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IndoChina Adventure 2009 - Week 02 Chapter : 30 Sep ~ 06 Oct


Flag of Vietnam



According to my GPS we were 26 kilometers from our destination hotel in Hoi An when we were turned around by the local police. Typhoon Ketsana had passed through this area just the day prior to our arrival and as a result, the main road connecting southern to northern Vietnam was closed.

Eventually, we made it to our lovely beach hotel the following day. We were among the lucky ones that could come to a freshly cleaned hotel room, while the rest of the city struggled to clean up after the storm. Downtown Hoi An was still under water.

Despite all the hardship, incredible traffic jams, damaged roads and unpredictable weather, the group is doing excellently. We help each other and are good at improvising, elements that are crucial to a successful journey.

Traveling north along the coast, we can see Ketsana’s damage everywhere, but fortunately for us, the weather is changing to something more dry and sunny.

Entering the capital city of Hanoi, the driving is getting more intense and we need to be alert at all times. We all loved the challenge of the road, but there is no denying that it is good to park the bikes for 4 days at the hotel and step in to the sandals of the ordinary tourist.

Halong Bay is our little excursion from riding, and we enjoyed a very relaxed boat tour of this incredibly beautiful UNESCO World Heritage Site. We stayed overnight and enjoyed the full moon from the top deck, reflecting on the last week’s experiences.

Enjoy this week’s stories and don’t forget to check out our navigation page to see where we are right now.



Helge Pedersen, Founder



Day 14 - Hanoi, Vietnam- Debbie Christian

Everyday certainly has been an adventure! Aside from the typhoon, crazy traffic and muddy roads, it's been great. When I stop and think about it even that was great.

We've just returned from Halong Bay and overnighting it on a "junk". It was wonderful and the weather was perfect. Accommodations were very nice with good food and drink.

It was a long ride back to Hanoi today, and we spend tonight and tomorrow night here and then move on. I like Hanoi. It's got that third-world craziness going on and everyone is in a good mood. The market is directly across from our hotel so it makes for easy entertainment. They have the "coldest beer" at the bar next door where you can sit/stand outside and watch the rickshaw's, motorcycles, people and so on go by.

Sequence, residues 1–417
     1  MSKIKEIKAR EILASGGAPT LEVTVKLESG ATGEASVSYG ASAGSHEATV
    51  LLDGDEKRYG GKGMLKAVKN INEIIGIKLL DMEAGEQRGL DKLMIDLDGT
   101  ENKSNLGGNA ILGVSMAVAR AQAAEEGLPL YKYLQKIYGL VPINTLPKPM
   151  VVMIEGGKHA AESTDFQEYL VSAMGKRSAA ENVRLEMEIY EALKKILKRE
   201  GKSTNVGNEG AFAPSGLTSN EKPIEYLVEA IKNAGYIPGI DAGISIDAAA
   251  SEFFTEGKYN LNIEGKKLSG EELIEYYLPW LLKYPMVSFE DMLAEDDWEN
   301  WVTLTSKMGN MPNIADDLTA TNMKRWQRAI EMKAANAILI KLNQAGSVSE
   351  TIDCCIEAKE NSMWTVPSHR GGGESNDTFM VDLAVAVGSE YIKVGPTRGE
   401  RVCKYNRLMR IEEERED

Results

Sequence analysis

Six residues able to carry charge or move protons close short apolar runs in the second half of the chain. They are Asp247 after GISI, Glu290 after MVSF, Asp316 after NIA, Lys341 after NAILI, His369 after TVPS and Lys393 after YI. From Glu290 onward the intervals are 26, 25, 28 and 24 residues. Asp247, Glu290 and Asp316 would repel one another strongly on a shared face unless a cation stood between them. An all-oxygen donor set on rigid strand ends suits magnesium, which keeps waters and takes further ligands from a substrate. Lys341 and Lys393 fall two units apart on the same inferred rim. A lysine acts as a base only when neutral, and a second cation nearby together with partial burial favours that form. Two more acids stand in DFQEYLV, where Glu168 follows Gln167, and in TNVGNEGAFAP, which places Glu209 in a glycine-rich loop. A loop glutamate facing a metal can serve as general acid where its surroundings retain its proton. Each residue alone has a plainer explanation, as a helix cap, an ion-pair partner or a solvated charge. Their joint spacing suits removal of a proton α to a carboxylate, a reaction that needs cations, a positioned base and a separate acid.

By the way, I've never seen so many shoes for sale!! I haven't had much of a chance to shop. Everyday is either on the bikes riding or enjoying the people and sights.

The first two weeks have flown by and it has been challenging and thrilling for me. I can't wait for more . . . .

Debbie Christian
Hanoi, Vietnam

An intoxicated army officer whom we met north of the DMZ (DeMilitarized Zone).  We were drinking tea.   He told me not to photograph him because of "possible repercussions".  Go figure!

The pool at our hotel in Hoi An.

The DMZ Memorial at the south end of the bridge (actually the 17th Parallel).

Saying goodbye to our most excellent driver and new friend Suy(?) before our arrival in Hanoi.

Help me!! We did have frog for dinner appetizer one evening. Very tasty!

Harrison hamming it up in Hanoi.

They really start them out young in Vietnam.  Note - only the driver is required to wear a helmet by law.

Lunch with the locals.  Our guide, Than, told us not to eat any fresh veggies or ice.


Day 19 - Dien Bien Phu, Vietnam - Frank Baughman
[Editor's Note: The story and photos below were sent over two weeks ago, but got lost in an internet "black hole", so they are a bit out of synch, but well worth including. Most of the photos were taken back in Hoi An, during and after the floods from Typhoon Ketsana.]

This trip is another exceptional adventure . . . “typical” of GlobeRiders! The sights to see, the people to meet, their cultures to observe, the places to stay, their food to eat, and the wonderful riding - all combine to fulfill one's highest expectations.

The traffic is great! White seemingly chaotic at first, it actually works Firmly keeping the guideline of making no sudden movement in mind, it really flows well! Forget the absolutes of what one is used to at home . . . lanes . . . passing protocol . . . road rage (there ain't none!).

With jillions of scooters and smaller bikes (all 175cc and under) swarming in, out, and around like insects, there surfaces a pattern that is fun to participate in. Bikes usually pass on the right shoulder or in a dedicated lane. There may be oncoming traffic of other scooters on that shoulder, but you give way and things flow. There's a lot of horn honking, but it's only saying "I'm here". It's sort of like driving in a flowing formation . . . kinda’ fun! The advantage of our larger bikes is that we are able to pass on either side.

The history of the Vietnam war brings to mind hearing of places like Saigon, Pleiku, Danang, Hue, and now one is able to see these places. The people are progressive, hard working. It's been 35 years since the US bailed out of here, so most of the people don't remember the actual war. 84 million people with over 80 million of them subservient to the 3-4 million. Corruption reportedly is horrendous, so what's new!!?? Here or home????

Great trip so far!


Helge Pedersen - Images from Vietnam

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